IRC Section 415(c) provides that the total of employer and employee contributions (other than the age 50+ catch-up contribution) cannot be more than 100% of compensation up to that year’s IRS dollar amount (in 2016, $53,000 and subject to annual cost of living adjustments). For purposes of the 415(c) annual additions limit, the individual is considered to be the “owner” of the 403(b) contract. As a result, all 403(b) contracts of an individual must be aggregated to a single 415(c) annual additions limit
This not only occurs if an individual invests contributions in more than one vendor’s contract under the same 403(b) plan. It may also arise if, for example, an employee participates in a voluntary 403(b) plan and an 403(b) optional retirement plan of that same college. In the alternative, this can also happen if an individual moves between two unrelated school districts in the same year and participates in each district’s 403(b) plan.
Since the individual is deemed the owner of the 403(b) contract, the contributions made to his employer’s 401(a) defined contribution plan typically are subject to a separate 415(c) annual additions limit. In other words, a participant in both his employer’s 403(b) plan and 401(a) defined contribution plan would have separate $53,000 annual additions limits for each of those plans.
However, there is an exception to this general rule. If an individual participating in a 403(b) plan also has an outside business that sponsors a defined contribution plan and that individual has more than a 50% ownership interest in that outside business. The IRS requires that contributions to the 403(b) plan and contributions to the outside business’ defined contribution plan on behalf of that participant be aggregated to a single 415(c) annual additions limit. According to the IRC 415 regulations, if the total contributions among those plans results in an excess of the annual additions limit, the excess is attributed to the 403(b) plan, not to the defined contribution plan.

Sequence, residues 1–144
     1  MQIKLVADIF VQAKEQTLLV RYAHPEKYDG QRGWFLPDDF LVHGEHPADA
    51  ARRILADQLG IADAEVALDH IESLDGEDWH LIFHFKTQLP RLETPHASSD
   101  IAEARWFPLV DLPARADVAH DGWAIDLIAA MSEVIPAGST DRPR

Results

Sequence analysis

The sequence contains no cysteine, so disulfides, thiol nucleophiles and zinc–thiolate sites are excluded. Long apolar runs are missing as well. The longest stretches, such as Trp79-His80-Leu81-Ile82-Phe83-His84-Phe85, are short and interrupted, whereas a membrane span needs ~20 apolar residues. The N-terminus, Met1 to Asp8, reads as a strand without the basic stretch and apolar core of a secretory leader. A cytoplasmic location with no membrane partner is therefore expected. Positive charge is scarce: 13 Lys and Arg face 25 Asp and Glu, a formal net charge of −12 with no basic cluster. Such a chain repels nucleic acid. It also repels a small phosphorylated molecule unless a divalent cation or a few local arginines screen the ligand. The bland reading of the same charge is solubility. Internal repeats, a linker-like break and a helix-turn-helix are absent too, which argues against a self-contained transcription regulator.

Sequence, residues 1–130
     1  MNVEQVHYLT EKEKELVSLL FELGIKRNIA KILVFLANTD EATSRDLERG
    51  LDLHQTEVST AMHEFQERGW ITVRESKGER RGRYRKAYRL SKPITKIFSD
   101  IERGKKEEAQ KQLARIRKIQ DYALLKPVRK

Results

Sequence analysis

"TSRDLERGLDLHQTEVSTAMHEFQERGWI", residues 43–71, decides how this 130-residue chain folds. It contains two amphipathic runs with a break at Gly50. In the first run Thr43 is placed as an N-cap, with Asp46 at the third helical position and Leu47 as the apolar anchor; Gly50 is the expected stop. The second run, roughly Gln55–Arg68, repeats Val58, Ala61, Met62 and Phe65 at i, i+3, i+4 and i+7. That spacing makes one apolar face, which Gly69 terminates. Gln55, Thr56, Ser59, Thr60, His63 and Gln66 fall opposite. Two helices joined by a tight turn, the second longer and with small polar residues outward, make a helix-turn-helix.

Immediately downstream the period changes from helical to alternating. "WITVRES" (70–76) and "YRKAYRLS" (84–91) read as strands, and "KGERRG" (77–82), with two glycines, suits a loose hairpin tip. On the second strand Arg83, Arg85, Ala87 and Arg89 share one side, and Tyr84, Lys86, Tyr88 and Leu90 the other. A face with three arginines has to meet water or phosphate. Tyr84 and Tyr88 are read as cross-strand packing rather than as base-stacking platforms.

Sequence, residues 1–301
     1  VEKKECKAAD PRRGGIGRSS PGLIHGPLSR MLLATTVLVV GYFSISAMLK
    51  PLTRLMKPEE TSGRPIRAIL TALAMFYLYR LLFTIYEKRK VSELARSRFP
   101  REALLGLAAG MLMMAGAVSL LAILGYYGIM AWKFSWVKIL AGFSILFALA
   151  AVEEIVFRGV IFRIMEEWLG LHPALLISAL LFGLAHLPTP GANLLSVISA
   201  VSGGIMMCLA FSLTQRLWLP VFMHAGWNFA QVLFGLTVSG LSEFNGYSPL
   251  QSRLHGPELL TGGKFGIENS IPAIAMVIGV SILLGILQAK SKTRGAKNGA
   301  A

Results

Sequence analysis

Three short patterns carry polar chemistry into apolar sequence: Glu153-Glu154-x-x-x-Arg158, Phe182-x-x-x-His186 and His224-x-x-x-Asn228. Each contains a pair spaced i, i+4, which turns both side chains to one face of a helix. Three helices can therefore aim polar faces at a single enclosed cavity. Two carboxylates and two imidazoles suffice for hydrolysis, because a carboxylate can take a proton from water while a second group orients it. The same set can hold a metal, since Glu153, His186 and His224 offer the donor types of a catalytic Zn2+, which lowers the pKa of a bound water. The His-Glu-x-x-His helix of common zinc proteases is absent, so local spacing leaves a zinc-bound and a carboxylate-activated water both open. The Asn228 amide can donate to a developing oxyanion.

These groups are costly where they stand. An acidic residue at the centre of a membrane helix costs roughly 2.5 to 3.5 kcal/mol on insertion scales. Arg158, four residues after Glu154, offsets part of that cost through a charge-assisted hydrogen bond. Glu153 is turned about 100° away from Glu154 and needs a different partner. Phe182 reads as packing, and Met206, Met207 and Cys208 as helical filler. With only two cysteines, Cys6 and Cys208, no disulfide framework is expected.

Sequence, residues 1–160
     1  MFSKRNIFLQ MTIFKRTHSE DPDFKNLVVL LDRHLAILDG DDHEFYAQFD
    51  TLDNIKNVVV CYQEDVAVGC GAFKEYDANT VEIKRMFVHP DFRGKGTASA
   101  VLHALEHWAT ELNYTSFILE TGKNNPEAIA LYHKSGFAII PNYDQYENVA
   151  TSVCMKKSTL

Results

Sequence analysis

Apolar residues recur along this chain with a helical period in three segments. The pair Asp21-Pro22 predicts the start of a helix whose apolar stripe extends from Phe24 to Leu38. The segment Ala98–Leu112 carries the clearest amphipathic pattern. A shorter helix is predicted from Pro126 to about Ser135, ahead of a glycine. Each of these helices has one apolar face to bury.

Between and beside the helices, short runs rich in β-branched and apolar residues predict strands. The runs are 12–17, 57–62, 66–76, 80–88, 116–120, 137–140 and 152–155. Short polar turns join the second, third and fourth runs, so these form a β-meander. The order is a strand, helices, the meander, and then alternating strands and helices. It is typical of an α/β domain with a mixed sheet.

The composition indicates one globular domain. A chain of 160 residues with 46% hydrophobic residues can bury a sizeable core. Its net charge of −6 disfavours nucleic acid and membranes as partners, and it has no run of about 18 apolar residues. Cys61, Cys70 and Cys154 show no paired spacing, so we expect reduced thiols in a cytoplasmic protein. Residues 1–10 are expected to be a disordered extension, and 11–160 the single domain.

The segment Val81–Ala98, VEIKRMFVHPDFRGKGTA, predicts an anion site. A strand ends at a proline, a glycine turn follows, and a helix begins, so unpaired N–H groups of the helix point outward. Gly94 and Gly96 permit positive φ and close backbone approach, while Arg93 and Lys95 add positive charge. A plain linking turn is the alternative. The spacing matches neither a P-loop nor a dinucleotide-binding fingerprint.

As a best practice, an employer may consider soliciting from its employees each year whether any of its employees have an ownership interest in an outside business. Initially, this information could be received when the employee first completes a salary deferral agreement for the 403(b) plan. The employer can seek updated information from its employees through an annual questionnaire in order to coordinate IRC limits with those employees who indicated that they have an outside business.
Late last year, the IRS announced that its continued focus on auditing 403(b) plans in the 2016 fiscal year “because they have a historical pattern of non-compliance and also allow for greater coverage of the retirement plan participant universe.” Now, before the IRS audit arrives at the employer’s door, may be the time to review contribution limits procedures for 403(b) and 457 plans and update them as needed. As IRS have frequently noted, good internal controls and procedures mean a streamlined and focused IRS audit.
Linda Segal Blinn, J.D.*, is vice president of Technical Services for Tax-Exempt Markets at Voya Financial. In this capacity, Blinn leverages over 25 years of experience administering and designing defined contribution plans to provide general legislative and regulatory information to assist public and non-profit employers in operating their retirement plans.
This material was created to provide accurate information on the subjects covered. It is not intended to provide specific legal, tax or other professional advice. The services of an appropriate professional should be sought regarding your individual situation. These materials are not intended to be used to avoid tax penalties, and were prepared to support the promotion or marketing of the matters addressed in this document. The taxpayer should seek advice from an independent tax advisor.
* Linda is not a practicing attorney for Voya Financial.
Opinions expressed are those of the author, and do not necessarily reflect the views of NTSA, or its members.